The Federation just wrapped up its annual pro-life student essay contest, and as always the entrants were amazing and the judges had a difficult time choosing a winner. Since I will be on the road all this week on our town hall tour, I thought I’d share the winning essays with you as a sneak peek of what will be featured in the Summer LifeLines magazine. This essay, written by 12th grader Miguel Mendoza, won 1st place in the senior high category. Enjoy!
Bald eagles, the enduring symbol of this nation’s spirit, freedom, and pursuit of greatness have received protection by law from those who would wish ill upon this majestic bird. In 1940, the United States passed a strict federal law known as the Bald Eagle Protection Act that focused on guarding not only the national bird, but also the bald eagle’s eggs. If one were to come across those eggs in the wild, it would be considered a serious offense to destroy them. If done so, the penalty would be equivalent to shooting an adult eagle out of the air.
Reverend Tadeusz Pacholczyk, author of The Ethics of Stem Cell Research, states, “By the force of law, we acknowledge the scientific truth that the eagle’s eggs, that is to say, the embryonic eagle inside that egg, is the same creature as the beautiful bird that we witness flying overhead.” Consequently, this demonstrates the government’s awareness to pass laws that protect not only the adult but also the youngest individual of that species.
This can be applicable to the recent concept of stem-cell research in the field of medical science. Stem-cell research has taken on special attention for its potential health benefits and also for its moral side effects produced by the utilization of human embryos to give way to stem cells. In short, stem cells are an important way for the body’s cells to be restored. They function as unspecialized cells that have the capacity to grow into several specific types of cells, such as a cell that can produce new red blood cells.
The practice of stem-cell research appears to favor the use of embryonic stem cells since those cells have the ability to become any type of body cell. Adult stem cells are also utilized and have the potential to become numerous different cells, but not all. Some scientists hope to cure certain diseases like diabetes using embryonic stem cells.
With guidance from Church doctrine and teachings, I have come to the conclusion that I am in favor of most stem cell research, which normally uses cells from adult tissue, which presents no moral conflict. Nonetheless, a moral problem surfaces when researchers use the early stages of a fertilized egg to harvest stem cells, which ultimately destroys the once living human embryo. Although good results may arise from embryonic stem cell research, it by no means justifies the cruelty in the destruction of innocent human life.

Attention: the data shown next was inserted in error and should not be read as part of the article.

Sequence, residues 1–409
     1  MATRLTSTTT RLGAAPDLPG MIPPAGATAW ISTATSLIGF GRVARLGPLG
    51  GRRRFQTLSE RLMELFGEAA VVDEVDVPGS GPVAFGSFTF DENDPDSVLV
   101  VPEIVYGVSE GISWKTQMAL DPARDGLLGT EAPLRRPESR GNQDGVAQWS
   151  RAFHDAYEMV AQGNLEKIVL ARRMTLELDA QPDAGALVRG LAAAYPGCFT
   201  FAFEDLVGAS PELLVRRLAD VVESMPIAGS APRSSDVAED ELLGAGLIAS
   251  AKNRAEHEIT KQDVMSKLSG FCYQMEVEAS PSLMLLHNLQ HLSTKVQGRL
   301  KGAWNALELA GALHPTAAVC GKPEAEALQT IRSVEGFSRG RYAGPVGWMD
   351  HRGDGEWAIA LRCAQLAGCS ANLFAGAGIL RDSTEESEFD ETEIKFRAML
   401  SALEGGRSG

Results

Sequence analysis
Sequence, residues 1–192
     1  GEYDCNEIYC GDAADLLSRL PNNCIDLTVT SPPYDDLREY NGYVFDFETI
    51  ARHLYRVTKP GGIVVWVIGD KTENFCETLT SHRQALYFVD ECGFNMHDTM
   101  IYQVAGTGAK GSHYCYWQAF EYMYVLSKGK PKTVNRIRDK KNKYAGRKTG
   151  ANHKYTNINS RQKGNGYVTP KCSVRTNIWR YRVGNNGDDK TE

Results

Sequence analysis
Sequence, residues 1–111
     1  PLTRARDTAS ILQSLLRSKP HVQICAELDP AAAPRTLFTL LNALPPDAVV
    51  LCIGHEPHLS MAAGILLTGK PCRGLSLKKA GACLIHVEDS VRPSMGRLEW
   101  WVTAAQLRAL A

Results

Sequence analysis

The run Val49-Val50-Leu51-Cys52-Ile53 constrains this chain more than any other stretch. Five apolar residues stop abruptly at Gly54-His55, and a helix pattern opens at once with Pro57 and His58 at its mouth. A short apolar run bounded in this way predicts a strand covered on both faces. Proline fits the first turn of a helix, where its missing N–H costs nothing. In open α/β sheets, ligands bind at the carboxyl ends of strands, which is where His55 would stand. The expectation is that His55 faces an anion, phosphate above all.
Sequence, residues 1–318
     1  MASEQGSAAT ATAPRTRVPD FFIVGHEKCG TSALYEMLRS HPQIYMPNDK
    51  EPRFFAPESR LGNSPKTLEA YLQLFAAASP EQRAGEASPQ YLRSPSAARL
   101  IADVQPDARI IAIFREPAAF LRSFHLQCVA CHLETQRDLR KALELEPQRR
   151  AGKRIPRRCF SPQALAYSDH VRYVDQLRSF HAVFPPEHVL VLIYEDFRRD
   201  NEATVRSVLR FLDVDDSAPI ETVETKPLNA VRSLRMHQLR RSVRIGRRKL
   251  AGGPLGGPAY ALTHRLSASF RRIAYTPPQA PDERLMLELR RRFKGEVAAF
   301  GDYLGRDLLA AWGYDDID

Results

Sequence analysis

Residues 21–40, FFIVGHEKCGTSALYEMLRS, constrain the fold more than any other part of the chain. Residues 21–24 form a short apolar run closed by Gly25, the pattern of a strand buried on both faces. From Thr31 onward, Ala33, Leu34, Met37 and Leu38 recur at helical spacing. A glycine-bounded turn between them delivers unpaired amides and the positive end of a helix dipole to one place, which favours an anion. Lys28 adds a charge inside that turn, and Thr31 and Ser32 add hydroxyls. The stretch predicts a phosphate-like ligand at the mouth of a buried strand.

The Church directly opposes any alterations to early human life. The Congregation for the Doctrine of the Faith’s document, The Gift of Life (Donum Vitae), instructs that, “The human being is to be respected and treated as a person from the moment of conception…” I believe that life is a precious gift that we were given. Although not fully developed, human embryos are alive and therefore possess existence. Remorsefully, their lack of mouth, eyes, and arms make them vulnerable to the evil works of man. Even though the aim of this research is to produce beneficial outcomes, the immoral means used to arrive at the sought after good does not validate the process. The life of a person should not lend itself as a dispensable commodity on behalf of someone else.
In regards to the bald eagle, people realized how its eggs were as important as the eagle itself, and therefore required protection for its conservation. The bird’s value was noticed and so it was reasonable to protect the bald eagle in all its stages of life. The same notion holds true for humans, who are more valuable than any other species on the planet combined. Unfortunately, human beings do not recognize their own inner beauty and uniqueness. They are willing to protect the embryos of other animals but fail to protect themselves first from what Reverend Pacholczyk describes as the, “dismemberment on the altar of stem cell sacrifice.”